Watch a five minute video about our program
Who is a Certified Ombudsman?
Ombudsmen (CO’s) are over 21, have passed a background check, and can volunteer
at least 16 hours a month on a flexible schedule. They may be employed or retired, but cannot
have a conflict of interest with any long-term care facility. By protecting the rights, dignity and safety
of residents in nursing homes, residential care facilities, adult care homes
and assisted living facilities, they help improve the quality of long-term
care. Many of our Certified Ombudsman
volunteers have a background in healthcare, education, administration or law,
but some are past accountants, current students, or even a chef! They all have a passion for improving quality
of care and advocating for the rights of residents.
What do they do?
They advocate, educate, and
investigate. After completing a five day
training including classroom, testing, and a facility visit, they are assigned
facilities and visit with residents on a regular basis. Certified Ombudsman monitor resident care,
staffing and building conditions and educate residents, families, and facility
staff about resident's rights. All Ombudsman services are free and
Why is there an Ombudsman program?
Created from the Older Americans Act of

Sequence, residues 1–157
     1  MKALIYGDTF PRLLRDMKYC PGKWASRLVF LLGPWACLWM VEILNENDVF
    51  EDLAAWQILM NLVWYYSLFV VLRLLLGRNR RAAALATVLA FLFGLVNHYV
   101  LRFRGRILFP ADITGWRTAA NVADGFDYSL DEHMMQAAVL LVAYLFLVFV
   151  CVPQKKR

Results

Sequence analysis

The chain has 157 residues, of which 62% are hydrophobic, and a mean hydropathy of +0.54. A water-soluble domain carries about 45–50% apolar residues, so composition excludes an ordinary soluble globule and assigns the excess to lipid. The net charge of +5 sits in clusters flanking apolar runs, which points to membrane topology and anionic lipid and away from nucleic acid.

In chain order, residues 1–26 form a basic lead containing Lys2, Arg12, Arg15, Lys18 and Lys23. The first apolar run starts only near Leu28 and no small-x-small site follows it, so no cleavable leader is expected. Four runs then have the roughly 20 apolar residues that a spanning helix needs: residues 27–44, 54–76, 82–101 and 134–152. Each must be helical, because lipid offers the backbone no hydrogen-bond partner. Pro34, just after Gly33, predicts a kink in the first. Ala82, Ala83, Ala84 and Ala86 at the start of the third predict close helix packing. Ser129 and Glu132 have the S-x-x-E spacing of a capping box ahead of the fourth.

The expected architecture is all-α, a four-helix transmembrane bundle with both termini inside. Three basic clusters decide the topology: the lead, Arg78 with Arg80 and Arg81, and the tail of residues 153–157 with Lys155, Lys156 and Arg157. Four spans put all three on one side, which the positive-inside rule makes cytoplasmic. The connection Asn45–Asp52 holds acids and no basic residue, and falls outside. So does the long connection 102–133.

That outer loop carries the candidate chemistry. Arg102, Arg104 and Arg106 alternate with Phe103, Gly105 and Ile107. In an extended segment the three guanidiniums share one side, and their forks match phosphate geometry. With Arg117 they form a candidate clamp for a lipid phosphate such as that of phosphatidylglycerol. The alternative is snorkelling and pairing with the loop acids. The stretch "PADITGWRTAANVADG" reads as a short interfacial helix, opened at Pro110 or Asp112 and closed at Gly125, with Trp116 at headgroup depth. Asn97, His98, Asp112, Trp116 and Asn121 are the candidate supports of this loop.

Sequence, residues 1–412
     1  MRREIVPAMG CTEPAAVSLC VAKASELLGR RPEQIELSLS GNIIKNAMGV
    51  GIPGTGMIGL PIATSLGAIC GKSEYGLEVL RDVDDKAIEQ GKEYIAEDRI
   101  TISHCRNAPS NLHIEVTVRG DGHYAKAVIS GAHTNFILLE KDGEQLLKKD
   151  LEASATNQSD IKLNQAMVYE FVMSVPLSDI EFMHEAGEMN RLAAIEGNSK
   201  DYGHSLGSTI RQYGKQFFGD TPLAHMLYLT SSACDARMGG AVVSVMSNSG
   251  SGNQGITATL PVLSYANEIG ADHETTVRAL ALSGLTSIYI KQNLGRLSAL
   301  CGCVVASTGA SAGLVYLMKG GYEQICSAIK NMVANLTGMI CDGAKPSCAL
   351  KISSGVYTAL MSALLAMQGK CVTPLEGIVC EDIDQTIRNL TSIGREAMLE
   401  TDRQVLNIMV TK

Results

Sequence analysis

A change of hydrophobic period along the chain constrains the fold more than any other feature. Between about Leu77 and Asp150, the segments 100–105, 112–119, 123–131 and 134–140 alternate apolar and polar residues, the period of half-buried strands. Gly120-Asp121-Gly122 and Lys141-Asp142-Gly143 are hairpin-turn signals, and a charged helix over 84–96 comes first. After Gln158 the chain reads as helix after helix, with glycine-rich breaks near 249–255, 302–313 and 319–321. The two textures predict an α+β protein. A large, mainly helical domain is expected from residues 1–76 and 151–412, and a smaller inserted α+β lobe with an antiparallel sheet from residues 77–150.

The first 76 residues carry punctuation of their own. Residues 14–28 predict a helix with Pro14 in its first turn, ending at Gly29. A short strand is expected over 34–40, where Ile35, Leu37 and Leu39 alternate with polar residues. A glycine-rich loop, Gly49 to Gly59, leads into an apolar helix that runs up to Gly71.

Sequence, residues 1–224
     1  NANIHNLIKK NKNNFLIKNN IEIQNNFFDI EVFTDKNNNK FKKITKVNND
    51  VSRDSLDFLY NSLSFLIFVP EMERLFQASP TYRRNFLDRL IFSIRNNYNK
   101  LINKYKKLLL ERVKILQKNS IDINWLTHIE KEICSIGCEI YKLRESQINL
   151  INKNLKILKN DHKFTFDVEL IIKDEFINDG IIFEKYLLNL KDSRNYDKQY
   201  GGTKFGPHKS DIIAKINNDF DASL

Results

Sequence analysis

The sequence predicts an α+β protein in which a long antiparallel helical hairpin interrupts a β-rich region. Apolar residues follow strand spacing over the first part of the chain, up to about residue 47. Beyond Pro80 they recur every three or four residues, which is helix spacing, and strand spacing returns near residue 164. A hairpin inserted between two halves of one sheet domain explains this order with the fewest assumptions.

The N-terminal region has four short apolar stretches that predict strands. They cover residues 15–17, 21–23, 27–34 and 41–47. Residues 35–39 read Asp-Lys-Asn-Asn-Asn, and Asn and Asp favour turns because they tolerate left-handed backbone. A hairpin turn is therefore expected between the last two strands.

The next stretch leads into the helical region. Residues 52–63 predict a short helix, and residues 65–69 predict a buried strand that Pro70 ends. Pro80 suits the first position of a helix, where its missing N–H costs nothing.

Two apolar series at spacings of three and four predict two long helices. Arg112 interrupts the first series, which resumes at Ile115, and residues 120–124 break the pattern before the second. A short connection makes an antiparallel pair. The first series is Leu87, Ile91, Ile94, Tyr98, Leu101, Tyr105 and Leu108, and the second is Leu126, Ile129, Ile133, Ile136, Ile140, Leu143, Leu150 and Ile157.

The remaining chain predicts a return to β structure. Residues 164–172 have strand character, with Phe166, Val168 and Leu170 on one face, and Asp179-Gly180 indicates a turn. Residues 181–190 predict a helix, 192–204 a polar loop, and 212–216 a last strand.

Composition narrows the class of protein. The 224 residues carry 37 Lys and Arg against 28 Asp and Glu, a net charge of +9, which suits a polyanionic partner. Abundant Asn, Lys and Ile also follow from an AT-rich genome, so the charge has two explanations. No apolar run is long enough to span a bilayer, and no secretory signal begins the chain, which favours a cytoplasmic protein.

1961, the Ombudsman program is in all 50 states. Volunteers make our program very cost
effective – currently utilizing 140-150 volunteers statewide who work with
10.5 FTE staff. Volunteers made nearly
90% of the 10,000+ visits we made to facilities last year. We utilize administrative volunteers to help
with recruitment and screening in several local communities, but the Certified
Ombudsman (CO’s) volunteers are the heart of our program. Optimally, our program would have 300
volunteers and we are actively recruiting around the state.
Where does an Ombudsman volunteer?
training, Ombudsmen choose from available facilities close to where they live,
work or visit.
When do Ombudsman volunteer?
Certified Ombudsmen work independently
with support of paid staff and choose their own schedule visiting their
assigned facilities. Most volunteer
about 16-20 hours per month, including visits, reporting, and travel.
What kinds of benefits are there for
Volunteers enjoy being able to make a
direct impact on the quality of long-term care in their community, as well as
being able to learn and navigate the systems.
They have a chance to use or learn new skills in advocacy, public speaking,
and conflict resolution. Training and
continuing support is available monthly and at annual events. Most of all, volunteers meet new people, keep
active and find the work very rewarding.
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